Boogeyman

Bomb Rating: 

I figured it was going to be a piece of crap, but it wasn't even entertaining in the same way "Alone in the Dark" was entertaining -- that sort of "so bad it's funny" way.

It's really hard to put into words just how mind-numbingly boring this film was. And it's not like I really expected anything going in. I figured it was going to be a piece of crap, but it wasn't even entertaining in the same way "Alone in the Dark" was entertaining -- that sort of "so bad it's funny" way. "Boogeyman" is just deadly dull, makes little sense, and doesn't have a single moment of suspense.

When Tim Jensen was a little boy, his father got sucked away through his closet, never to be seen again. Now that Tim (Barry Watson) is grown up, he's haunted by the memory of his father's disappearance. He can't sleep and he's afraid to go into closets. Somehow, this doesn't stop him from having an incredibly hot girlfriend. How Tim could ever sustain this relationship is beyond comprehension, but when he goes over to her folks' house, we're made to believe that whenever she comes in the room at night, he turns the light off and pretends to be asleep. How he's been able to pull this off when they're sleeping together is anybody's guess, but apparently director Stephen T. Kay has about as much respect for his audience as a dog does for a burr in its anus.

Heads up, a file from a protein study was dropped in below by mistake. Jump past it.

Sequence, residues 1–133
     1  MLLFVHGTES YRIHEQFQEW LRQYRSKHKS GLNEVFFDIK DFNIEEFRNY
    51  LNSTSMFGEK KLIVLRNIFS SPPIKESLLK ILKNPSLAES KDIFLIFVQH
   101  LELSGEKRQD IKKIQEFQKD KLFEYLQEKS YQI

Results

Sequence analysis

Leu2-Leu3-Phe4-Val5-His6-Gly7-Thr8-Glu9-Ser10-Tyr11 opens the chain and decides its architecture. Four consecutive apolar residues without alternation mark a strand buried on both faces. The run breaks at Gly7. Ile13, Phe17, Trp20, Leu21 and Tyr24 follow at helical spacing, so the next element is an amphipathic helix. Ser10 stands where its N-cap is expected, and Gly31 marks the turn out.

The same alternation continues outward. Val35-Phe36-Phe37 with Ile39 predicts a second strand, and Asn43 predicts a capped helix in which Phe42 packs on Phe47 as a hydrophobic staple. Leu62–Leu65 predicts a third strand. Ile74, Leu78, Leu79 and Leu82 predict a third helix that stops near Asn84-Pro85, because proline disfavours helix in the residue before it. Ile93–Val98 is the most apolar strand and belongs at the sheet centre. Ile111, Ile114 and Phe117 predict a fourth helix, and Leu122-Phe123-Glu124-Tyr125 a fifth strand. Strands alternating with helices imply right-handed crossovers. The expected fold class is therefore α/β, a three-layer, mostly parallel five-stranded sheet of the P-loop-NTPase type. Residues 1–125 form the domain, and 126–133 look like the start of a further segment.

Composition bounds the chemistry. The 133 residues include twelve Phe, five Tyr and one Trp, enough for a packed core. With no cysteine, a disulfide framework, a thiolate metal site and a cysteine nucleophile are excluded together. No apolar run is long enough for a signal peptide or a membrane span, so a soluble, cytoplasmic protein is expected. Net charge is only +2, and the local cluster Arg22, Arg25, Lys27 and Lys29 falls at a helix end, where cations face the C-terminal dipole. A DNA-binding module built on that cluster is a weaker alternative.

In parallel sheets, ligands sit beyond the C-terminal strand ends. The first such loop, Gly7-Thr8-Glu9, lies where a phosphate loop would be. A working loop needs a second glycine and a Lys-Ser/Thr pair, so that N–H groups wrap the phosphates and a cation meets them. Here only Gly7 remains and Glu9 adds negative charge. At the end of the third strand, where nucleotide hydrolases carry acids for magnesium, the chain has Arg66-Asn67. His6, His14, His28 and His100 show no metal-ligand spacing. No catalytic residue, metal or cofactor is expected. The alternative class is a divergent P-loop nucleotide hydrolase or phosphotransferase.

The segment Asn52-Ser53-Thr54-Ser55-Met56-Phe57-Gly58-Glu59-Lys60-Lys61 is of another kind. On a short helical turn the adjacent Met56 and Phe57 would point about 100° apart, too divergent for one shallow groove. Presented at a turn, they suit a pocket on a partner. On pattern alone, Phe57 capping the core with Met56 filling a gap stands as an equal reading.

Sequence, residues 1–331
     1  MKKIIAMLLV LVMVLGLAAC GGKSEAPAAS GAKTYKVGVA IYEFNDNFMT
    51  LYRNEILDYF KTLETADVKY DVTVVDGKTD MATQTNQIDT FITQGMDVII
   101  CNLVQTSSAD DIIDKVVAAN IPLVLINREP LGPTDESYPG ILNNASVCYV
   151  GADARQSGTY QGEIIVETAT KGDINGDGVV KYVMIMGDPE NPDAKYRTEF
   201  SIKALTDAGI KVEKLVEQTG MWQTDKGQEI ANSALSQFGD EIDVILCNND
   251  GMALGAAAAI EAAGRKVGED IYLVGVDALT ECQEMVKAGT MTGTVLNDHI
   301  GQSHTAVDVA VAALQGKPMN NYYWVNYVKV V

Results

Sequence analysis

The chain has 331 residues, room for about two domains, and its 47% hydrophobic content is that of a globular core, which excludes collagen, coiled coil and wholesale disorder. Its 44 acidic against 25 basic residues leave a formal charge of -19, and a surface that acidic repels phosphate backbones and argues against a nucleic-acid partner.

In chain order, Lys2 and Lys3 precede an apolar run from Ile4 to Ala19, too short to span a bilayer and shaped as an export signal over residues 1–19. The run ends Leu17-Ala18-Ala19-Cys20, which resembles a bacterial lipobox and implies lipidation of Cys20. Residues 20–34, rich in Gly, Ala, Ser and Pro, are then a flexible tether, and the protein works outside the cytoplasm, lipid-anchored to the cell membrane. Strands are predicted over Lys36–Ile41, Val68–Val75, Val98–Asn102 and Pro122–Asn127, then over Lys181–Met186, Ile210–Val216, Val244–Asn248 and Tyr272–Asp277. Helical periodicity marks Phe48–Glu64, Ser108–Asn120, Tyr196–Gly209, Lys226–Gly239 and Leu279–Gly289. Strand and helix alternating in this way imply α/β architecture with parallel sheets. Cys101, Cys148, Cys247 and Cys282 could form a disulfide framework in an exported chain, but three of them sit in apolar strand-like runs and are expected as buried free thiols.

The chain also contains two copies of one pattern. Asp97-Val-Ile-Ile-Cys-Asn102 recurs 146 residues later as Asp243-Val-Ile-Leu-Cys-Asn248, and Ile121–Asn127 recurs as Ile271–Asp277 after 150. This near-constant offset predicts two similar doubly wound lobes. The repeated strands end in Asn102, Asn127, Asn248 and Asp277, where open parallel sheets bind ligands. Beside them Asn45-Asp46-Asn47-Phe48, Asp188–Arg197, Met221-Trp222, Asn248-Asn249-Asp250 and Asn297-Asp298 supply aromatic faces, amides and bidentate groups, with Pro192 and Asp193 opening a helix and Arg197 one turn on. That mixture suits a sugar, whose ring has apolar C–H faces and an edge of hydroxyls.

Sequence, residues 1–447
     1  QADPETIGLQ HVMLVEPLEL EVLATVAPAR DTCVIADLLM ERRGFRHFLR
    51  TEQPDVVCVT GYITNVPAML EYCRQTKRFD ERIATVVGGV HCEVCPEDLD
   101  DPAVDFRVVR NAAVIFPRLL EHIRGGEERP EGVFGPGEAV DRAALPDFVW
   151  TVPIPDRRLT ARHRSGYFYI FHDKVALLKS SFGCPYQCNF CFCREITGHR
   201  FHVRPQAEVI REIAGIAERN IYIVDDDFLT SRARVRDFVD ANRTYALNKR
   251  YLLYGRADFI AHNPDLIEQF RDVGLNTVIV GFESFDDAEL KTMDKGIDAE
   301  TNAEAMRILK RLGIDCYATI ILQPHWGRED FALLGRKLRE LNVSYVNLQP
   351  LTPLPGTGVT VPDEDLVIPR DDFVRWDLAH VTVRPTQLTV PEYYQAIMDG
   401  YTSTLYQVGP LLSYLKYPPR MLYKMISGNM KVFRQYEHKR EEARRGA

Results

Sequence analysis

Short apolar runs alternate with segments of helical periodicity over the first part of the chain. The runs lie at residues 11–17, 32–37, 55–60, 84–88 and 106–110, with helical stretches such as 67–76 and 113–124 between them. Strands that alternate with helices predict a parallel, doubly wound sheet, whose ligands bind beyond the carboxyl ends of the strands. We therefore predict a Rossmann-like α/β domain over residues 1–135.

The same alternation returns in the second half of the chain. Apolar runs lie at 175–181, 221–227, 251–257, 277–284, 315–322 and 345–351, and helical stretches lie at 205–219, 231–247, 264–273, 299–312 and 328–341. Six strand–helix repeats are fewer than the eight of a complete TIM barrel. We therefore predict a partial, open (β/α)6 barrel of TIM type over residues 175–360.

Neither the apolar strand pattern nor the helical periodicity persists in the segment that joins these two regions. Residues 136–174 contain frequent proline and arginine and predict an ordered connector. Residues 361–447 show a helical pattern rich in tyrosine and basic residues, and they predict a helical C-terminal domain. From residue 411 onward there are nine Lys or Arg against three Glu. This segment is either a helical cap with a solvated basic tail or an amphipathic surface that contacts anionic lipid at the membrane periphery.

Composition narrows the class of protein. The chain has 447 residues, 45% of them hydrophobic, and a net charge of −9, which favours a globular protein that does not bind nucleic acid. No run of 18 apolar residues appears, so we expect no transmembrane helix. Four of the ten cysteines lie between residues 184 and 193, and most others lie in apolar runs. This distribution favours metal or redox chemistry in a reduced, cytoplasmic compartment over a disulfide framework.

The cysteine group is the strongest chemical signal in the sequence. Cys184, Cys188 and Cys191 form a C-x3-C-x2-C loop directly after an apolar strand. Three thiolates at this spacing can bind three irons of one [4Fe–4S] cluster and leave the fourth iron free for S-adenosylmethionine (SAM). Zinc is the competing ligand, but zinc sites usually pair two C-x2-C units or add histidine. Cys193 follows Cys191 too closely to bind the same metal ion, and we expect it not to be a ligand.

Tim runs away from the weekend with the parents when he gets some kind of telepathic message from his dead mother (Lucy Lawless). So he returns to his home, attends her funeral, and for whatever reason, returns to the house where his dad got sucked away to face his demons. There he runs into a girl named Franny who turns out to be dead. She tells him that he needs to return to where it all began. Frankly, I didn't know what in the hell she was talking about and judging from the snoring, neither did the other two people in the audience.

After a good 80 minutes of painfully slow plot development and inept camera work that gives new meaning to the word "oblivion," Tim finally faces the boogeyman along with a hot childhood friend (Emily Deschanel), who wasn't even really introduced in the childhood segment of the film. Anyway, suddenly she can see the boogeyman too, but fortunately Tim is able to will the boogeyman away at the last moment. That's right, there's no fancy machine or super-powered vacuum technology or a fucking stick with a crystal on it. Tim just wills the boogeyman away. When he's no longer scared, the boogeyman just disappears. If only I could have disappeared from the screening of this movie.

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